I lived in Rossford from the summer of 1992 to the summer of 2001. During my running days of the early to mid 1990s, I would occasionally run some laps on the winding trails at RIVP.
When I began birdwatching in the fall of 1999, I visited RIVP often until I moved to West Toledo in the late summer of 2001. I continued to visit RIVP often after 2001 but not so much in recent years.
While I lived in Rossford, RIVP was my "local patch," the place that I visited the most because it was close and when I didn't have much time. I would birdwatch the park before work or during lunch or after work or sometimes all three times of the day. The park was most productive during the spring and fall migrations for songbirds.
On Sat, May 10, 2014, DD and I birded during the warmish, sunny, middle part of the afternoon when bird activity can decrease, but the activity seemed good today.
Our bird observations at RIVP
(a=audio or heard and v=visual or seen)
- House Wren - a v
- Baltimore Oriole - a v
- Red-eyed Vireo - a
- Carolina Wren - a
- Chestnut-sided Warbler - a v
- White-eyed Vireo - a v
- Northern Waterthrush - v
- Nashville Warbler - a v
- Yellow-throated Vireo - a v
- Bay-breasted Warbler - v
- Black-and-white Warbler - v
- Orange-crowned Warbler - good, long looks. bird at medium tree height.
- Blue-gray Gnatcatcher - a v
- Swainson's Thrush - v
- Gray Catbird - a v
- Ovenbird Warbler - v
- Veery - a - heard its 'veer' call note repeated a few times.
- Black-throated Green Warbler - a
- Blackpoll Warbler - v male
- White-throated Sparrow - a
- Blackburnian Warbler - a v
- Rose-breasted Grosbeak - v female
- Yellow-rumped Warbler - a v
- Eastern Towhee - a
- Ruby-crowned Kinglet - v
- Black-throated Blue Warbler - v - two females
- Worm-eating Warbler - good, long looks. bird foraged on or near the ground among the leaf litter. it poked around shriveled old leaves. typical foraging behavior.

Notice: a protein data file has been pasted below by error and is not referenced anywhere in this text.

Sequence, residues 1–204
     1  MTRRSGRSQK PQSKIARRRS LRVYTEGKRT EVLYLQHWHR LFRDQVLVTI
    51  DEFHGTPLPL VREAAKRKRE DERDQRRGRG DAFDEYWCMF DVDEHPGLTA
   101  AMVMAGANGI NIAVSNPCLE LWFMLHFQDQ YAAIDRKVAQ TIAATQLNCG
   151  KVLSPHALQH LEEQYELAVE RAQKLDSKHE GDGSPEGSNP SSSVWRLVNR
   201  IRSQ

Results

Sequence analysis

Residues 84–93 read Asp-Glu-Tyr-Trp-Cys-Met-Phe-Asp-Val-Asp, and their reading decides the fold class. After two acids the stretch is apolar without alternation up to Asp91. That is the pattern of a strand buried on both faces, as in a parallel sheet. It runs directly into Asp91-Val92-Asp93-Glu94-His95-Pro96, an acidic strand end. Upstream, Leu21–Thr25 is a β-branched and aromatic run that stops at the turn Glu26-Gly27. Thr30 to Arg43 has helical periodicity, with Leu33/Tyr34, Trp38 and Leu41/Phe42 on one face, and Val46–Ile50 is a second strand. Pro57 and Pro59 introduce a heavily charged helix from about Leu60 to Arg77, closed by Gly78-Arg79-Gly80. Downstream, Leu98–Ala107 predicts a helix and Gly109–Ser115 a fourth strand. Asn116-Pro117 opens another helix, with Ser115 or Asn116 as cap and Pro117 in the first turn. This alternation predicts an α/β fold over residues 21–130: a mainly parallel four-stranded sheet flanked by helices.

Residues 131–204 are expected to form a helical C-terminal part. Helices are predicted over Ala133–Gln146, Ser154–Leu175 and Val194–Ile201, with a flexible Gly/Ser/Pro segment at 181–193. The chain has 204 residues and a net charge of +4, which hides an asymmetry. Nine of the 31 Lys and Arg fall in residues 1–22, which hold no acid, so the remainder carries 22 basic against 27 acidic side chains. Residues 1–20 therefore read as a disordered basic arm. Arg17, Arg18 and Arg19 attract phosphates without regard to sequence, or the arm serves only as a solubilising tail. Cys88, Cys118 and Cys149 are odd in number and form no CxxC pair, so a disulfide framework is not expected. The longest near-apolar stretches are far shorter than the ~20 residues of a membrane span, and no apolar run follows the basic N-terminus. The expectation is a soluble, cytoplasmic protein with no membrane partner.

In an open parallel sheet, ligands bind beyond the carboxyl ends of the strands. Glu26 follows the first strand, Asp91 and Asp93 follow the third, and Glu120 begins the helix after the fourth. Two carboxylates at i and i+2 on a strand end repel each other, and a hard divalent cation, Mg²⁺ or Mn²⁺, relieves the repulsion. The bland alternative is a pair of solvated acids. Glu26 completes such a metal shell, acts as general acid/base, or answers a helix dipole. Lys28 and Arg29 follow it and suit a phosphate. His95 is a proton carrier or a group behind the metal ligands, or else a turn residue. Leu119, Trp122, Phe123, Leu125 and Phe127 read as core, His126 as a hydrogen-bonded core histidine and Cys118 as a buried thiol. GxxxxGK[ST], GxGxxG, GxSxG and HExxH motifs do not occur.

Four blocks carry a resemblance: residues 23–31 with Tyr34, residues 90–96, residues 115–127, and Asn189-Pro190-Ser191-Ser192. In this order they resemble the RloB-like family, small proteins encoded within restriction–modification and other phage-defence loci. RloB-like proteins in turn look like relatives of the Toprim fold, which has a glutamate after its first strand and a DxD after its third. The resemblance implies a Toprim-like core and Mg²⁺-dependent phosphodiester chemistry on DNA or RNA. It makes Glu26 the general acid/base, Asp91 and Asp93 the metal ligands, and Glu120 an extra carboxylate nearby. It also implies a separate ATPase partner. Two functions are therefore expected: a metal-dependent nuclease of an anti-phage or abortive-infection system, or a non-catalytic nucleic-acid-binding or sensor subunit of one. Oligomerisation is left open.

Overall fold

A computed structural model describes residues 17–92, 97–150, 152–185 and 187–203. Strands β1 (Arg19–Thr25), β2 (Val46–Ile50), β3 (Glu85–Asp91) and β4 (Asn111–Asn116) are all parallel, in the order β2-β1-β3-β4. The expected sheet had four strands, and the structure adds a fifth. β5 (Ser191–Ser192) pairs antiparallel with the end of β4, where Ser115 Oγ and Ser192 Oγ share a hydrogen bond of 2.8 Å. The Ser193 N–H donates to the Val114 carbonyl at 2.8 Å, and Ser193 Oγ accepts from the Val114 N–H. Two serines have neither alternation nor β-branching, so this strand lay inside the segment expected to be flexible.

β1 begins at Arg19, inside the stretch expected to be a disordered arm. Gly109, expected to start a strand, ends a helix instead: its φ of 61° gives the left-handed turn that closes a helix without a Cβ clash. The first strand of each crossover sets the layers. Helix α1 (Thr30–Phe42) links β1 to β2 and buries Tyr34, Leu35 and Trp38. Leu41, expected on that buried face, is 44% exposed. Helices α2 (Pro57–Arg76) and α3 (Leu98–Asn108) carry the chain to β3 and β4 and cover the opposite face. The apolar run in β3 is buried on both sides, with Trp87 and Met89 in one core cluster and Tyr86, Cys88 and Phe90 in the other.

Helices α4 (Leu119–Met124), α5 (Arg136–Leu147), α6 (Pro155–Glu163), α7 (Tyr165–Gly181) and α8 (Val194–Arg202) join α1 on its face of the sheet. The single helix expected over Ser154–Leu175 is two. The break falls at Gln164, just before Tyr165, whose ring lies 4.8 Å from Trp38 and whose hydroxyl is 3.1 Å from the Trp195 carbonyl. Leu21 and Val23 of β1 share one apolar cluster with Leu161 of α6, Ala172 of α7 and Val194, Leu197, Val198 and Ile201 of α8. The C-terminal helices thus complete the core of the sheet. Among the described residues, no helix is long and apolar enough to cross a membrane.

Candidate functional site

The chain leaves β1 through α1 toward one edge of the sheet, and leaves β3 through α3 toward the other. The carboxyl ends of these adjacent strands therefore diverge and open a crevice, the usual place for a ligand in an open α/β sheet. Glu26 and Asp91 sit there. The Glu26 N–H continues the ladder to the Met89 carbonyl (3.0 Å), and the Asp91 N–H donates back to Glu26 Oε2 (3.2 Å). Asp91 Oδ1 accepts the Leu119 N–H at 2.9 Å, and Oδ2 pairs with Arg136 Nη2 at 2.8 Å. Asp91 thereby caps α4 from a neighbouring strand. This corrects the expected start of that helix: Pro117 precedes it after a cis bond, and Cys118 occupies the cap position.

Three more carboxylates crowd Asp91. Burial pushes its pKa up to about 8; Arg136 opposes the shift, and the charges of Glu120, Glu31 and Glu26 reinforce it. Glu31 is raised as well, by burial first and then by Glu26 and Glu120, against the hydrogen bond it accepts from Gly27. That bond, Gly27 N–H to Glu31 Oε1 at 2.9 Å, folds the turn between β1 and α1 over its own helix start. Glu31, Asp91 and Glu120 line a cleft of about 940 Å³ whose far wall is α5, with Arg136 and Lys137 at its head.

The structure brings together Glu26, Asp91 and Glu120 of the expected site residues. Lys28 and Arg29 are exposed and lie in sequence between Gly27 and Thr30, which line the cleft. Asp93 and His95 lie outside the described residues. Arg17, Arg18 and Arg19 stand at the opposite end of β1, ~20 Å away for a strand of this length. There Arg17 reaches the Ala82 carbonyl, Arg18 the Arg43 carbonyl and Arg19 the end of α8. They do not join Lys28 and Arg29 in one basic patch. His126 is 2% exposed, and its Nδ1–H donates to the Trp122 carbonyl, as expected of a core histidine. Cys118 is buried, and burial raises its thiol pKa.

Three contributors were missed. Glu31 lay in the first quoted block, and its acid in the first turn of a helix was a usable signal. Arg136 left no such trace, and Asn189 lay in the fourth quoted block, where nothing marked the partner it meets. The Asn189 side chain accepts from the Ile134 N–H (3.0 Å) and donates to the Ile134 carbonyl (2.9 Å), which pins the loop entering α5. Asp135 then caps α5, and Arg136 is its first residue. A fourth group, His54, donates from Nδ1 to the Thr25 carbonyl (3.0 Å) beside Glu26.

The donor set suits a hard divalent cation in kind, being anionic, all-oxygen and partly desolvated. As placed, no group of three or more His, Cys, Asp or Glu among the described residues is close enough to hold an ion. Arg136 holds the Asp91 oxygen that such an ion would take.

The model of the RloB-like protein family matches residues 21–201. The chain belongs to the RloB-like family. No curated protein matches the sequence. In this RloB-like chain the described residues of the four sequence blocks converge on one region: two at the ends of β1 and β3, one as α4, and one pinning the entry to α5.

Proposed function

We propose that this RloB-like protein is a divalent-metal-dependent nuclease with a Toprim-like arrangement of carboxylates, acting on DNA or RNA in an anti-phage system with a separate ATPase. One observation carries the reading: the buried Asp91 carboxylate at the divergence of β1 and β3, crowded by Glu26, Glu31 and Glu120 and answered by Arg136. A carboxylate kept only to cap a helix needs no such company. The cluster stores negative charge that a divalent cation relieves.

- Magnolia Warbler - v - stunning as usual. my favorite warbler.
- Ruby-throated Hummingbird - perched multiple times
- Canada geese goslings in Grassy Creek
- Grey-cheeked Thrush - seen along the gravel path
- Wood Thrush - singing
I don't have a master list of my bird sightings for RIVP in digital form or in any form. I only have a lot of notes in small notebooks, dating back to 1999.
I observed a Yellow-throated Vireo in the past RIVP, at least once. But I don't remember if I've observed a White-eyed Vireo at RIVP.
I've seen the Orange-crowned Warbler once before at RIVP. My previous sighting of that bird occurred in the fall.
The Worm-eating Warbler is definitely a new bird for me for RIVP. We enjoyed watching that bird for a while.
The Northern Waterthrush is common during migration in northwest Ohio, but I'm unsure if I have ever observed that one at RIVP. I think that I have observed the NOWA in the past near or along Grassy Creek.
The Grey-cheeked Thrush could be a new bird for me at RIVP. Don't remember.
The point is, that I have had days at RIVP with greater numbers of birds and more variety of birds. But I don't think that I have ever experienced a day at RIVP with so many birds that were either new for me at this park or were birds that are typically uncommon sightings for me at RIVP. And it was made better because I birdwatched with my wife. These birds observed today that fell into this group include:
Probably a first for me to observe at RIVP the SWTH, GCTH, VEER, and WOTH on the same day. I know that the WOTH is not part of the Catharus genus like the others.
Other RIVP sightings:
- Red bud trees were blooming in nearby yards
- four deer, located in the middle area of the park.
We ended our birdwatching at RIVP at 6:57 p.m. We birdwatched for at least two hours.
Another "exciting" day in the Toledo area, laid-back style.
Notes - Sat, May 3, 2014 - May 27, 2014
Notes - Sat, Apr 26, 2014 - May 27, 2014
Notes - Easter Weekend - Apr 18-20, 2014 - Sep 10, 2014
Buying local eggs - May 27, 2014
Notes - Wed, May 14, 2014 - May 27, 2014